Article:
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I’ve noticed lots of advice for professors who are trying to move classes online but I noticed I hadn’t seen any about what this means for students.

As more universities move classes online for the remainder of the semester there are some important things to keep in mind.
I made it through about a week of orientation my freshman year of college before we were evacuated out of state for a hurricane. I had room in the car to pack one bag which ended up being half full of very heavy intro to psych textbooks.
I had never taken a college class before nor taken a class online all in the midst of an extremely stressful situation. Our university had made plans post-Katrina to move classes online in such a situation but it was the first time it was implemented and... it was a nightmare!
I was sharing a tiny hotel room with four other people. We had no money. Frantic parents calling. Shitty WiFi... You get it.
To my memory most of my professors emailed us some readings but otherwise said, we’ll catch up when we get back. Fortunately we were back after a week or so and the world did not end because we missed a week.

This is a much longer, and in many ways more stressful situation.
Between this personal experience and my area of study (emergency management) I start every semester with a mental note of how I could move my classes online quickly.

We call it preparedness not paranoia, thank you.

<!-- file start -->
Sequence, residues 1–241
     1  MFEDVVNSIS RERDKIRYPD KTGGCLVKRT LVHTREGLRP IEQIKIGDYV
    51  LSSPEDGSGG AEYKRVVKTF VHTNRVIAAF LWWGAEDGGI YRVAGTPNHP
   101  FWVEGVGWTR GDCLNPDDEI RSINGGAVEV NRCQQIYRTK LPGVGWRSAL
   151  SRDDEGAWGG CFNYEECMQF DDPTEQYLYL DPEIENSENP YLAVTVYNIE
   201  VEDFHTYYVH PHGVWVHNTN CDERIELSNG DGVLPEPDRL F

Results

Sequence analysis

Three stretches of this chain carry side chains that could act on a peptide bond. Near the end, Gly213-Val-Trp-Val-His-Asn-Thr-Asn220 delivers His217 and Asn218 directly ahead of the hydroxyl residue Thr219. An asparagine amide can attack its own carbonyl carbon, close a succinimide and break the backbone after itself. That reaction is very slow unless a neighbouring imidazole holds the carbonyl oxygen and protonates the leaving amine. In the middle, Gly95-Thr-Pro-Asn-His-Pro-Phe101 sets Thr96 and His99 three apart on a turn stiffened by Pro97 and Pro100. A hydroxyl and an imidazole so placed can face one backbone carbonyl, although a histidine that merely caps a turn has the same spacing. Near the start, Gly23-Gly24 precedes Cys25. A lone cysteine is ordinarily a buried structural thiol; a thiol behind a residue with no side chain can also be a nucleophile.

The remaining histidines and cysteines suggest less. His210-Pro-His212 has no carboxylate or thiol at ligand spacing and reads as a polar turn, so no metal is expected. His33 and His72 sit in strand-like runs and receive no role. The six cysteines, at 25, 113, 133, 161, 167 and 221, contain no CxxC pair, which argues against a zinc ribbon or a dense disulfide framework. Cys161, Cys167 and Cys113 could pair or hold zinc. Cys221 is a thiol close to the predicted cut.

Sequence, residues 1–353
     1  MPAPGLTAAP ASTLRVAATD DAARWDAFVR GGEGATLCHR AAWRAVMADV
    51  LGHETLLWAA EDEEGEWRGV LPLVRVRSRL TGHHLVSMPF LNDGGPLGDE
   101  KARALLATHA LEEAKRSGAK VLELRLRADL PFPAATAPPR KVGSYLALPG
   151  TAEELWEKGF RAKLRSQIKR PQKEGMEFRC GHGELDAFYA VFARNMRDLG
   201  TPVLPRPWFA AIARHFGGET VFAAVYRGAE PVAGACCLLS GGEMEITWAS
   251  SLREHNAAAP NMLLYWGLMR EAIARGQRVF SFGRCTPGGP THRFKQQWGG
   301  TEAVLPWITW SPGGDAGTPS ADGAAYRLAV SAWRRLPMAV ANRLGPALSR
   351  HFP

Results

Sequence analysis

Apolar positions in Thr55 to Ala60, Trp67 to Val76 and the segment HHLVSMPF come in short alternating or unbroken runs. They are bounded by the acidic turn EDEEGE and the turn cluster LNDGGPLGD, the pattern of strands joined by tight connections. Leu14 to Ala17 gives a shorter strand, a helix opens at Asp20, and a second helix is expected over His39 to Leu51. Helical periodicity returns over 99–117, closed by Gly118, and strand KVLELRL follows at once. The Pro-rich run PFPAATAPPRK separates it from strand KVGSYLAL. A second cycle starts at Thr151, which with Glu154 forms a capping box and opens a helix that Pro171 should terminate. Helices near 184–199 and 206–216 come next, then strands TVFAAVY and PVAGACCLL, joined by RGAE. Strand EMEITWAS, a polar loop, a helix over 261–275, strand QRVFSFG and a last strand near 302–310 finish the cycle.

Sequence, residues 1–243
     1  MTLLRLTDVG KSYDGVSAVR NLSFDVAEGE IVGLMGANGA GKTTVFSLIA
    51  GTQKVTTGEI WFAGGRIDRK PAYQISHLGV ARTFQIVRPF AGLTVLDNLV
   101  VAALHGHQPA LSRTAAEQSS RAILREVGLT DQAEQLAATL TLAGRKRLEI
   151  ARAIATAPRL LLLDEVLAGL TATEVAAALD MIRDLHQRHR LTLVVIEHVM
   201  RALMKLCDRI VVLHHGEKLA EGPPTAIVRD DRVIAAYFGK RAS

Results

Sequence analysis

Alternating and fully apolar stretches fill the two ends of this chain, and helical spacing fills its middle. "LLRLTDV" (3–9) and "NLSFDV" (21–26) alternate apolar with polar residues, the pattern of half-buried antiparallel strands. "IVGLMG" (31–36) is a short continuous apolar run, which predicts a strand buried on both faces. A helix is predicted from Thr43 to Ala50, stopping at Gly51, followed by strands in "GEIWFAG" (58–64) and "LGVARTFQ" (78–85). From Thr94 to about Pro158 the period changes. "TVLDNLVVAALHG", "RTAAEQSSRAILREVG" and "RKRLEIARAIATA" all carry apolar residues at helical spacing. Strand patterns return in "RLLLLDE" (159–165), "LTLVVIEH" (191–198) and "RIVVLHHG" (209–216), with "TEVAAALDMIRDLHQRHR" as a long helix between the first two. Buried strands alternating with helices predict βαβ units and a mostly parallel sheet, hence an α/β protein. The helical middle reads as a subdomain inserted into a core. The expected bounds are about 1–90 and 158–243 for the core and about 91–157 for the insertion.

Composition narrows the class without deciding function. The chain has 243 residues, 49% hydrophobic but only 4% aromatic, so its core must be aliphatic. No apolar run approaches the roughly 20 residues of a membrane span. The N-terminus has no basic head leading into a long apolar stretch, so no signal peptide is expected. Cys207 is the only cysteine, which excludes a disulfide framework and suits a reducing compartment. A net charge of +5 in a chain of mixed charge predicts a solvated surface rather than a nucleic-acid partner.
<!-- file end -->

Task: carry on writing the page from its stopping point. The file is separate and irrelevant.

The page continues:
Obviously every student and situation is different but I think it’s a mistake to think of this as just teaching an online class in “normal times.

So, here are some issues to be aware of.
1. Financial — Students are likely working minimum wage service jobs that may be in flux over the next several weeks. There will possibly be rippling reprocussions for summer jobs and internships.
On the other hand some students are going to have to work MORE than usual.

*waves to all my first responder students*
Many students are reliant on campus based resources day to day — what happens when they can’t access them.…
They may also have to deal with other family members in changing financial situations. Not only will this lead to addition stress but it compounds many other issues below.
2. Internet & tech access — not all students have internet or computers. Every semester I realize I have some students trying to write essays in their notes app or going to starbucks late at night to submit assignments online because they can’t afford internet at home.
If those students aren’t able to leave their house or use the library how will they complete assignments.
3. Uncertain living situations — are students moving off campus? Are they still employed to be able to pay rent? If they’re moving home what are those dynamics like?
4. Caregiving — regardless of where they’re living are they having to take on unexpected caregiving roles? Children and siblings home from school? Taking care of others who have become sick?
5. Sick themselves — there’s a good chance some of your students are themselves going to become sick. Depending on the severity this could derail their entire semester.
6. High stress — many students are going to be finishing the semester with a number of stressors they wouldn’t normally face. Work with them.
There aren’t necessarily great solutions to all these issues but 1. Trust your students 2. Communicate with them 3. Be flexible (especially with deadlines).
Again, this isn’t just like teaching an online class in normal times. It’s important we recognize that and try to adjust as much as possible.
This isn’t a comprehensive list and obviously every student and university are different — just some issues to be thinking about as we figure out how to best navigate this situation.
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